was first inhabited in the 1930's by Costa Ricans colonist who were
trying to make a living by logging and farming, claiming undeveloped
land quite similar the early U.S.A.'s Far West times without any
help from Costa Rica's government.
In 1949, 4 pacifist Quakers from Alabama were jailed for refusing
the Korean War draft. After getting out of jail along with their
community of Friend's (the other name for their Christian religious
group) they searched for a country where they could live in peace.
Costa Rica attracted them because it does not have an army and the
area was interesting because it was so green, underdeveloped & the
cool climate was perfect for dairy farming.
In 1951, 44 Quaker settlers from 11 families came to the area and coined the name (meaning green mountain in Spanish). They brought with them their sense of friendship & cooperation. The seeds of these community organizations.
Monteverde Cloud Forest Preserve - Pioneers of environmental tourism, the Reserve quickly gained world-renown respect for it's extraordinarily rich cloud forest. After 30 years, it continues to serve as an inspirational model of conservation. Tropical Science Center - the not for profit organization managing the Monteverde Preserve.
Friends of Monteverde Cloud Forest Preserve - a U.S. based non-profit organization dedicated to preserve the biodiversity of the
Cloud Forest Preserve & support the Tropical Science Center.
Cloud Forest Reserve - Located high on the Caribbean slopes of the
Cordillera de Tilarán, the Santa Elena Cloud Forest Reserve is one of the first
community managed reserves in the country. With the help of Youth Challenge
International, a Canadian Non-profit Organization, the Costa Rican government
and the Santa Elena Community.
Monteverde Conservation League - established in 1986 out of concern for the threatened forest in the Tilaran Mountains. Since then, children and adults from over 40 countries have raised money which has enabled the League to purchase more than 54,000 acres of land, the biggest private reserve in Costa Rica. It is named Bosque Eterno de los Ninos in honor of all the children who have contributed to its protection. Mission: to conserve, preserve and rehabilitate tropical ecosystems and their biodiversity.
Monteverde Institute - a non-profit educational association by residents, the MVI blends international study and research with educational and cultural opportunities for local Monteverde communities. Organizers of the annual Monteverde Music Festival. The MVI also sponsors and supports research that can be applied to local, national and international issues of environmental degradation and the decline of biodiversity, rapid social and demographic change, and community health.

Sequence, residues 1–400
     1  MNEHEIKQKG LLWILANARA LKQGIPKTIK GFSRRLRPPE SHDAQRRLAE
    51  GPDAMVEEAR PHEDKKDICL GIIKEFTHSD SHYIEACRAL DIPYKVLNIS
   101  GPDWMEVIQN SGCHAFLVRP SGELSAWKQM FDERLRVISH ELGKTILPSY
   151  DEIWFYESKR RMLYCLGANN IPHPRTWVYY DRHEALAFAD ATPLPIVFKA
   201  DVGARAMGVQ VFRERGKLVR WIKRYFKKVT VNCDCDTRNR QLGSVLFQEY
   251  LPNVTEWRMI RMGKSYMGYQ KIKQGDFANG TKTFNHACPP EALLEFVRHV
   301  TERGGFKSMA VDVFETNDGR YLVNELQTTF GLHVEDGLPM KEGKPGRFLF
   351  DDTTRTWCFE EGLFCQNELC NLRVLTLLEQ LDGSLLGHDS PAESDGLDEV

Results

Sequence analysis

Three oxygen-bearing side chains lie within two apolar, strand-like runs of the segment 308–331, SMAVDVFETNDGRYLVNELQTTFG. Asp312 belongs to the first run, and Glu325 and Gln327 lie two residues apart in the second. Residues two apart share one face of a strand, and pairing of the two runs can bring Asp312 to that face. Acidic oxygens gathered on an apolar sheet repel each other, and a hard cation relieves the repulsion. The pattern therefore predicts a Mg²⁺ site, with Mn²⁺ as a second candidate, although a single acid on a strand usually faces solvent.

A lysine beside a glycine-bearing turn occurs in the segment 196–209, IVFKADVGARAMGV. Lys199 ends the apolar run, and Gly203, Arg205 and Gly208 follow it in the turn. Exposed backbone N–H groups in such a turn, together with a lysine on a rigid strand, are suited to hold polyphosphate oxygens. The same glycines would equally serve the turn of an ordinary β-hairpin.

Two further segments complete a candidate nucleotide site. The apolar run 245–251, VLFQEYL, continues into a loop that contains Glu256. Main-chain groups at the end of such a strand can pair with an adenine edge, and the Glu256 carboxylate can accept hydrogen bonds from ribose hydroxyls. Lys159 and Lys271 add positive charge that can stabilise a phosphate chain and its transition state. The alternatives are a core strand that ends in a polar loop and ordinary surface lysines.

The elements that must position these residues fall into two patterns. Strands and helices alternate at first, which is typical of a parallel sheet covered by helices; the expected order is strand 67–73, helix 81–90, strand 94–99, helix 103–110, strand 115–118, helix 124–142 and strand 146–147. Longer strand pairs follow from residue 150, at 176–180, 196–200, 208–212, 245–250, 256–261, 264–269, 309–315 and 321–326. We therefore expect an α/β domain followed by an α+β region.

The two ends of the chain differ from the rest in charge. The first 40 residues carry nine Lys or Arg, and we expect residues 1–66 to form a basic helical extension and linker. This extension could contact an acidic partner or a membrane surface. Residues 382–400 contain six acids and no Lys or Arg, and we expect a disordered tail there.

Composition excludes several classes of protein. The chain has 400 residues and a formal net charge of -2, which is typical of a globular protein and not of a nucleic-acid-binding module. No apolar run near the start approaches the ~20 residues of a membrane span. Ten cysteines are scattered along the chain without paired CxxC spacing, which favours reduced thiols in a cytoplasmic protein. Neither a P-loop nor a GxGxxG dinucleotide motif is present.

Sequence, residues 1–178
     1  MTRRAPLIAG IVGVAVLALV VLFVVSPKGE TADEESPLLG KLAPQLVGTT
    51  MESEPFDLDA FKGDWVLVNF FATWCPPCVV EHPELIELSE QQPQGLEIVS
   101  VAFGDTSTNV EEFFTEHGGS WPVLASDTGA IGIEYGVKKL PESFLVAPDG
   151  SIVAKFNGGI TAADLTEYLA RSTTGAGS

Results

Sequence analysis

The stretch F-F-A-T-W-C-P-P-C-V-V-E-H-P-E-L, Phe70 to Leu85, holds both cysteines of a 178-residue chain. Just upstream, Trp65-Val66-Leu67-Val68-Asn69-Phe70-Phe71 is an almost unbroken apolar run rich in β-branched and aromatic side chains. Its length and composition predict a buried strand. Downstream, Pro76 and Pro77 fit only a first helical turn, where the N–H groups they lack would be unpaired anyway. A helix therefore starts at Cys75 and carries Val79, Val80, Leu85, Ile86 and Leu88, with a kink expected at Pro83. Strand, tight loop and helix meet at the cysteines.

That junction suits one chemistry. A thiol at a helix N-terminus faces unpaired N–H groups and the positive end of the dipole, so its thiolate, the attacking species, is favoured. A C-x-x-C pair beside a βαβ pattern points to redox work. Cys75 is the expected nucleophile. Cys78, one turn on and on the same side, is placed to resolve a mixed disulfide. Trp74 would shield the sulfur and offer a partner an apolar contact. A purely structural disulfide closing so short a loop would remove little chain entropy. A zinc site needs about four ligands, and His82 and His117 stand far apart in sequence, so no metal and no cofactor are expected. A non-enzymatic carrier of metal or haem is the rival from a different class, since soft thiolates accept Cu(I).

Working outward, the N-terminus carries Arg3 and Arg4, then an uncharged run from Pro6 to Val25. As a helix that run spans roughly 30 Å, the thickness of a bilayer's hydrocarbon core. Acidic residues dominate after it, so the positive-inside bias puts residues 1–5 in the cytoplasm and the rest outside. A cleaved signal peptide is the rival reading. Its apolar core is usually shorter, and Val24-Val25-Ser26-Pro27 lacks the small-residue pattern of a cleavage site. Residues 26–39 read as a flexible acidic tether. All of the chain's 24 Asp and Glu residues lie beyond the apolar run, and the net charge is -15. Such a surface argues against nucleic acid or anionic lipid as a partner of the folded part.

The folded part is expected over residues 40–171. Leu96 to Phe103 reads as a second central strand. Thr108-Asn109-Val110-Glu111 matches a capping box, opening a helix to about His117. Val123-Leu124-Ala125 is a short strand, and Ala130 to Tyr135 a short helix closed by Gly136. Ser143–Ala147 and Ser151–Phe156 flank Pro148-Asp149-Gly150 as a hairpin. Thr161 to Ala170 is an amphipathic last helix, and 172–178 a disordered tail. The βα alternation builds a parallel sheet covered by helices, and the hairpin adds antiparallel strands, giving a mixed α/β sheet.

Monteverde Costa Rica Cloud Forest research data base Over 125 ecologists, agriculturists, and educators have contributed to the natural history and ecology of the area. Our objectives are to bring together the extensive body of knowledge that researchers and natural historians have gathered; to point up connections, to identify areas for future research. Extensive bibliography related to the area.
Monteverde Cheese: the
cooperative was sold to Sigma Alimentos in 2013.
Monteverde Friends School - bilingual (Spanish and English) school serving preschool through high school students in small, multi-age classes. Founded 50 years ago by the original Quaker settlers who left the United States for Monteverde Costa Rica. Now primarily serves local Costa Rican children as well as children of North American parents, this non-profit school is looking for volunteers & contributions.
http://www.cloudforestschool.org Creative Learning Center. Elementary non-profit bilingual (Spanish and English) school.
Monteverde Natural History - Plants & butterflies of the area: Identification and Other Resources by William A. Haber.
Monteverde Coffee Cooperative Tasty! (in Spanish) Fair-trade & biologically produced high quality Cloud Forest coffee respecting the environment
by the Cooperative of Monteverde.
A walk through the Monteverde cloud forest reveals a lush green garden of mosses, ferns, flowers and epiphytes growing thickly on every tree. Clouds drift in and settle among the slopes, giving the continuous moisture required for such exuberant plant growth. Dangling roots and vines sweep across the trails. The air is rich with the sounds of birds and the occasional scurrying of small mammals on the forest floor is always magic.
Monteverde is a highland forest characterized by nearly 100% humidity throughout the year. Here in the Reserve, warm North-Easterly trade winds, filled with moisture, blow in over the Atlantic. As the winds sweep up to the Continental divide, they cool and condense to form clouds, bathing the forest in a constant soft mist. The cloud forest receives our meters of rain every year- that is almost twelve feet.
One of the cloud forest characteristic is the abundance of vegetation. Competition for growing space is so intense that trunks and branches are almost entirely covered epiphytes, lichens, liverworts, bryophytes and mosses. The epiphyte mats store moisture, which is specially important in the dry season (February to May). The lush cloud forest canopy is thus home to many species of insects, amphibians, and mammals which never even come down to the rainforest forest floor. is a highland forest characterized by nearly 100% humidity throughout the year.